Natalie Wells is one of the original UK Lomography community members who can always be seen at our events, workshops and parties. She recently took the new Petzval 58 Bokeh Control Lens for a test drive around London.
Please tell us about yourself.
I decided I was going to be a photographer when I was 7 and I haven’t put down the camera since; my Dad super-glued one to my hand as a joke. Having lingered around outside the London Lomography shop in Soho since it opened in 2009 and they have finally taken pity on me and given me a job. Now I’m the wholesale manager and with my boyfriend (whom I met through Lomography) by my side, I’m a bit like a Lomography preacher; dressed in black and just as scary.
How was your experience shooting with the lens?
I had the best time shooting with this lens. I’m a professional portrait photographer and Victorian photography enthusiast, so the Petzval had already piqued my interest. When I was asked to test this and not to shoot portraits I was a little worried, but the lens came into its own in the wild. It was fun, easy to use and so great for experimenting. The bokeh is incredible and gives even the most mundane of settings a dream-like and ethereal quality. I became a little addicted to shooting with it once I realized it could transform the world in front of me so completely, even just by opening the Petzval right up and shooting into the night sky at the streetlights visible from my balcony. Everything seems more magical when you view it through the Petzval.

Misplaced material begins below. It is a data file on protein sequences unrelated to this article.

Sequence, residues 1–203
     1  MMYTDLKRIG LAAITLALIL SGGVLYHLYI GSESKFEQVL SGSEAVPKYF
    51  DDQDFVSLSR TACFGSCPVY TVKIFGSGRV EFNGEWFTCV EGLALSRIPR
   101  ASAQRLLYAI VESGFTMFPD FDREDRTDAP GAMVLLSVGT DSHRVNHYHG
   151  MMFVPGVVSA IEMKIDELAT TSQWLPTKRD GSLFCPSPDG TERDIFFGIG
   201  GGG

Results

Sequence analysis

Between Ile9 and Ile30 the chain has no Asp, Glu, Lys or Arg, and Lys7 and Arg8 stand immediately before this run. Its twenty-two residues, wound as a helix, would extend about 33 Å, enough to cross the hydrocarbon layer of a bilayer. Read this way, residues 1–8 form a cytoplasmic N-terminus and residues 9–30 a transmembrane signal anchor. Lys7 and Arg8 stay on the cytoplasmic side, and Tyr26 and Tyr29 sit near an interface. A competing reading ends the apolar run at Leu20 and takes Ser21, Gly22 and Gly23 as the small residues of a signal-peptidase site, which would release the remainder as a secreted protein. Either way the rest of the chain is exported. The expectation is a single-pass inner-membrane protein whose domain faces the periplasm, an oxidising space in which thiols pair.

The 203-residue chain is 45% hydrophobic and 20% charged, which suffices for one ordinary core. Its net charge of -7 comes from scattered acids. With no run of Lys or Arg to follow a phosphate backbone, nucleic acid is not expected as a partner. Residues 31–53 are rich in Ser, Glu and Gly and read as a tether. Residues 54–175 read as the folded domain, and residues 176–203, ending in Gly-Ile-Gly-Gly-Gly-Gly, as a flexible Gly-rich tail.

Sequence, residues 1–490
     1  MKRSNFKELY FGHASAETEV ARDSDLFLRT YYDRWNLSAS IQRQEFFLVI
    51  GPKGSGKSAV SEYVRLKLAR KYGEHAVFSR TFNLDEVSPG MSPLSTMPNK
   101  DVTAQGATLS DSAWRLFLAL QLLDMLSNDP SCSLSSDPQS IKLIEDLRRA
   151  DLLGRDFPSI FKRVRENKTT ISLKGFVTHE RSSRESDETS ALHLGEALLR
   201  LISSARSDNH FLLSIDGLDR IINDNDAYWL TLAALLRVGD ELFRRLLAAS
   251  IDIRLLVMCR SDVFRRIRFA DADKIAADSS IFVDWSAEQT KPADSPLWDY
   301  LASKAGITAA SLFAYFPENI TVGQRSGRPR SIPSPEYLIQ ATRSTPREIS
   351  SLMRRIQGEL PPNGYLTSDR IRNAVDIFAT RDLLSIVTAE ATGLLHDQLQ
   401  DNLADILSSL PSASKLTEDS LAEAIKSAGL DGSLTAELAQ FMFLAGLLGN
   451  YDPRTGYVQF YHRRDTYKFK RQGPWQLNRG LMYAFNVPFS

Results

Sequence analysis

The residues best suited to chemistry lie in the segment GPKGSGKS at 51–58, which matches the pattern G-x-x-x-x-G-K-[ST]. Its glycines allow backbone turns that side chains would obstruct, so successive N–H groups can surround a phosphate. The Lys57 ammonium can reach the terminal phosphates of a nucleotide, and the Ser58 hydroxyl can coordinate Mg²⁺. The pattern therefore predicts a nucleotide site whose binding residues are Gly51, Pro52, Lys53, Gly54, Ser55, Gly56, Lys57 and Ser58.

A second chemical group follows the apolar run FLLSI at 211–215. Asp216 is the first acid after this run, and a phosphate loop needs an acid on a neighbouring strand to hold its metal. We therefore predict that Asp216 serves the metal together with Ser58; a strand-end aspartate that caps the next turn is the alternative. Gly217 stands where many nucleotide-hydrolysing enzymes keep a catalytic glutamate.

Tell us a bit about these shots.
I’m a macabre and fun-loving taphophile, so trying this lens out in Highgate Cemetery was a dead cert (pun intended). I also took it for a spin around two of my favourite buildings in the country: the V&A and the Natural History Museum. As with all my work, there is a sense of melancholy, fore-boding and un-ease. Amusingly that was not my intention on the days I took these photos, but hey-ho, you wouldn’t expect Wednesday Addams to take photos of pink fluffy bunnies, not living ones at least.